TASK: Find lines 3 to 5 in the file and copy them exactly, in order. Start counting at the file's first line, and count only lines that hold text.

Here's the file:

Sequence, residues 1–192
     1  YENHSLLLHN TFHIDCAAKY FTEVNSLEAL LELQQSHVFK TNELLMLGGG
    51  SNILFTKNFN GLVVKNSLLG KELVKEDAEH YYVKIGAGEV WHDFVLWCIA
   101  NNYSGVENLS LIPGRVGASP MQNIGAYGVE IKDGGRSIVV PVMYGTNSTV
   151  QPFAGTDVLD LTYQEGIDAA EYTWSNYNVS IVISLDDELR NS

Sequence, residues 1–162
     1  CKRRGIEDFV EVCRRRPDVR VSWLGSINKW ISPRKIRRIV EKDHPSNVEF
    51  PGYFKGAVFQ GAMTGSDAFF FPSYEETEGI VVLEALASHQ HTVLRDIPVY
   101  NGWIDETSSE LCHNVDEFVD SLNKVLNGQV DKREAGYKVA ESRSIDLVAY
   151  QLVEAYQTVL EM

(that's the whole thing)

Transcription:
    51  SNILFTKNFN GLVVKNSLLG KELVKEDAEH YYVKIGAGEV WHDFVLWCIA
   101  NNYSGVENLS LIPGRVGASP MQNIGAYGVE IKDGGRSIVV PVMYGTNSTV
   151  QPFAGTDVLD LTYQEGIDAA EYTWSNYNVS IVISLDDELR NS